Yes, you do need to wash your fabric.

I’ve written 5 posts since 2008 about why I always wash my fabric in the washer and dry it in the dryer. I still recommend pre-washing your fabric because…

1. Cotton fabric shrinks when washed in the washer and dried in the dryer. The photo below is a good example. The fabric was 2 1/2″ shorter (selvage to selvage) after washing. I was surprised — it didn’t feel like a fabric that would shrink very much.


  • Be aware that different fabrics shrink at different rates. Batiks don’t shrink much, other cottons can shrink a lot, or a little, and you can’t tell by looking at them. My Moda rep tells me that bolts in the same collection can also shrink at different rates.

I want all my fabric to be the same size when I use them in a quilt. That way, if/when the quilt is washed, I don’t have to worry about uneven shrinkage.

2. Cotton can bleed. I want the excess dye, sizing, and other chemicals out of my fabric before I work with it. It is my experience that water chemistry has a lot to do with the amount of bleeding.

Here’s how I wash  fabric now:

OrvusEtc copy

I sort my fabrics by value and/or color.

  • I use Orvus Paste instead of laundry detergent. I like the feel of the fabric better with Orvus. Orvus is a sheep shampoo that you can find at Tractor Supply or Amazon. A little bit goes a long way. In my HE (high efficiency) top-loading machine I use 1 teaspoon of Orvus in about 1/2-cup of water.
  • When washing dark colors, I use Orvus and Retayne (not shown). Retayne is a color fixative. I’m not following the manufacturer’s instructions. You are supposed to “use one teaspoon per yard of fabric in HOT water (at least 140º F) and soak for 20-30 minutes, with enough water to cover the fabric. – Dharma Trading” 

I am not sure how to make my HE washer fill with enough hot water to soak the fabric and I can’t picture myself soaking fabric in my tub. So I add Retayne to the washer, wash with hot water, and hope for the best.

  • When washing light colors, I use Orvus and Synthrapol in hot water. Synthrapol removes excess dye. Online instructions say: “After using Retayne, wash in hot water and Synthrapol to get out any remaining, unfixed dye. If you don’t do this last step with the Synthrapol, then only wash in cool water rinse and cool water for the life of the fabric. You do risk some fading when using the Synthrapol and hot water, as it will remove any remaining “fugitive” dye. – Dharma Trading”

I haven’t noticed fabric fading, but it could happen with some fabrics.

In addition to Orvus, Retayne, and Synthrapol, I add a Shout Color Catcher to each load.

  • Color Catchers grab excess dye not handled by the other chemicals. I never reuse a color catcher, even if it comes out white, because I assume that the chemicals in each sheet are washed out with one use.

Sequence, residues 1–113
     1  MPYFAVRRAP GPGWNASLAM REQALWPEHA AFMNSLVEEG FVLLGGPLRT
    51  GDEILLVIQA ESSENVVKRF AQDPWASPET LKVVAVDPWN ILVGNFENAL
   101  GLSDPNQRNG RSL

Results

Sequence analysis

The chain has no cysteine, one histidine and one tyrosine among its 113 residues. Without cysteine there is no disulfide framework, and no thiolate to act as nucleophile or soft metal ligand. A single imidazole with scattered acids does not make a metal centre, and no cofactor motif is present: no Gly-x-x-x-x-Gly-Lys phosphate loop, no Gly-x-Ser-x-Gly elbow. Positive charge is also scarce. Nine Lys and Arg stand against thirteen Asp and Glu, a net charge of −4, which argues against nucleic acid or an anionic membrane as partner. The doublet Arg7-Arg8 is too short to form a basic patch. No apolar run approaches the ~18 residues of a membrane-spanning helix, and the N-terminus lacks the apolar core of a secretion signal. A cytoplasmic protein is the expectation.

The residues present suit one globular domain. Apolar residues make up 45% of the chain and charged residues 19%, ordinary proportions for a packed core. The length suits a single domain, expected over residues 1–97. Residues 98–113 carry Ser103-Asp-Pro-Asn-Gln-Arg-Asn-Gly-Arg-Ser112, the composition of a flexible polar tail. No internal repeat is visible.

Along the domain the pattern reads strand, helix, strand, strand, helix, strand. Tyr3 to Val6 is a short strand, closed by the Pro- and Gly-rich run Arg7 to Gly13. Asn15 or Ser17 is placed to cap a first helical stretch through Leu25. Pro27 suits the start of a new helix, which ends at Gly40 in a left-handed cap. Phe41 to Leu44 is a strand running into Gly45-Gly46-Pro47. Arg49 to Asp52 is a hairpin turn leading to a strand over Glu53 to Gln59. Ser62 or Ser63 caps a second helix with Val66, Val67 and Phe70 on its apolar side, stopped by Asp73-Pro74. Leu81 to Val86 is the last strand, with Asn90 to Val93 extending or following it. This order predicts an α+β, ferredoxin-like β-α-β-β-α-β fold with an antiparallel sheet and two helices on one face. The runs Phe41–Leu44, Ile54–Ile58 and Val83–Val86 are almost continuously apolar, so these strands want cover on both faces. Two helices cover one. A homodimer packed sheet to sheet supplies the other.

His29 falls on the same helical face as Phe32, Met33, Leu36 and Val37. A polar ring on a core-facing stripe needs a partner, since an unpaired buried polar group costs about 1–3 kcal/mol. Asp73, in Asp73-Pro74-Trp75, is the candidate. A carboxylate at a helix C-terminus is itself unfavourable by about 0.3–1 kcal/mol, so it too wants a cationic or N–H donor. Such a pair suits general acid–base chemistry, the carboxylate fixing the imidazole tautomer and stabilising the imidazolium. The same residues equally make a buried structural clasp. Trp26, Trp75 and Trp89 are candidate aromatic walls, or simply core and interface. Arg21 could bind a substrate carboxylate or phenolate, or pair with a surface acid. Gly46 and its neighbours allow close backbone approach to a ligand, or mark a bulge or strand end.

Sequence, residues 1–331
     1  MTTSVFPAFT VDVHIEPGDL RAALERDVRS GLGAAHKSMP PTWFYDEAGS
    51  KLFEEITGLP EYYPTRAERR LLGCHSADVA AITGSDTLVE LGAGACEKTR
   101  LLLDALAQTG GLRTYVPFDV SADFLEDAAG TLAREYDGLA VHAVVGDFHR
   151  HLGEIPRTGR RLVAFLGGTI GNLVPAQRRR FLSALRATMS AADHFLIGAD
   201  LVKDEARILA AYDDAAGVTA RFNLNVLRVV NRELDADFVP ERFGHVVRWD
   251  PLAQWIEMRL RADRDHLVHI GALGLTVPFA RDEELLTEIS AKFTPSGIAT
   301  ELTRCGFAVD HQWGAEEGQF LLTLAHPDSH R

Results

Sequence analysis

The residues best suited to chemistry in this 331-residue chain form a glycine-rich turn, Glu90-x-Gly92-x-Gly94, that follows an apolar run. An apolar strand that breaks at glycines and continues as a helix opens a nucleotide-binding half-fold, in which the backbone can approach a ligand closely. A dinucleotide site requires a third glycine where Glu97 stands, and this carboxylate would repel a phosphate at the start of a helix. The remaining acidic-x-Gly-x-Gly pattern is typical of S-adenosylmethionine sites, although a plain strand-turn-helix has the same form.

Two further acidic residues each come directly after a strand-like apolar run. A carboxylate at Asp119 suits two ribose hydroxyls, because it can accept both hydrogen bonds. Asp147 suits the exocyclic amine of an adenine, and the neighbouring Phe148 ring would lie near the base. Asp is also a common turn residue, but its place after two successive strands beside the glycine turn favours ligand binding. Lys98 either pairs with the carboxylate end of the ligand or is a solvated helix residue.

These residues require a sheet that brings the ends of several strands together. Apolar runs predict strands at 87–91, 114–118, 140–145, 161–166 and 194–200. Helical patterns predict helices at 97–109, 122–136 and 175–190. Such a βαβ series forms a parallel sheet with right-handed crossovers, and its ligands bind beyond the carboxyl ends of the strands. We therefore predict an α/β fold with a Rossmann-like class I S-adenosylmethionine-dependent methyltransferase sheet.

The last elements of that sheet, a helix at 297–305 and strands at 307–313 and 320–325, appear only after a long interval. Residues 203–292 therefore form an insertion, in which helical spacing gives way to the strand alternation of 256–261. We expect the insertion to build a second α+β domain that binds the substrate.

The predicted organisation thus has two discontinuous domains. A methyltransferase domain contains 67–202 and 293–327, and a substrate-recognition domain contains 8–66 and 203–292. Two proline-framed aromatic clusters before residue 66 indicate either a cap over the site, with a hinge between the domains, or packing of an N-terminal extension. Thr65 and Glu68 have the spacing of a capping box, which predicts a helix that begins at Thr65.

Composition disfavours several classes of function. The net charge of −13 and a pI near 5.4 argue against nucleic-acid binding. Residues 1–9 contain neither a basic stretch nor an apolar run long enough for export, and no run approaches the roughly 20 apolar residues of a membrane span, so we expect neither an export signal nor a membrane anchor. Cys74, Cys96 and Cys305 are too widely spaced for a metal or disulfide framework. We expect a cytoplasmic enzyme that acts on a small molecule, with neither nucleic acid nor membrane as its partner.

Shout doesn’t tell us what is in Color Catchers, but it sounds like Synthrapol.

Fabric can still bleed after washing, especially if you wash in water from a different source. Be sure to use Synthrapol, Color Catchers, and maybe Retayne, when you wash your quilts until you are sure they are not going to bleed. Watch them as they dry and if you see any bleeding, get them back in the wash.

3. Cotton feels, and behaves, differently after it has been washed and dried. Washing and drying raises the grain, or the nap, of the fabric.

  • Unwashed fabric is slick and stiff. When you sew two pieces of un-washed fabric together, there is more movement between them because they are slick. There is more ‘creep’ that comes from the feed dogs pulling the fabric one way and the presser foot pushing it the other way which makes controlling the fabric more difficult.

When you put two pieces of washed fabric together, they stay put. The ‘nap’ in the fabrics grab each other. I have found this to be good in both piecing and appliqué.

  • You may have noticed that unwashed fabric does not stick to most design walls. Washed fabric stays put on my flannel design wall. I can layer many pieces and they still stay put. This may not be important to you but I find it much easier to work with pieces that stay put on the wall.

Here you can see The Magical Unicorn in progress on my design wall. There may be a few pins, but not very many, because the fabric stays put.


So why haven’t you heard this before? My guess is that most quilters have never been told why they should wash their fabric, so they don’t. It takes time and isn’t fun. But I think this information is important to share and so I have. Now I can go sew :-).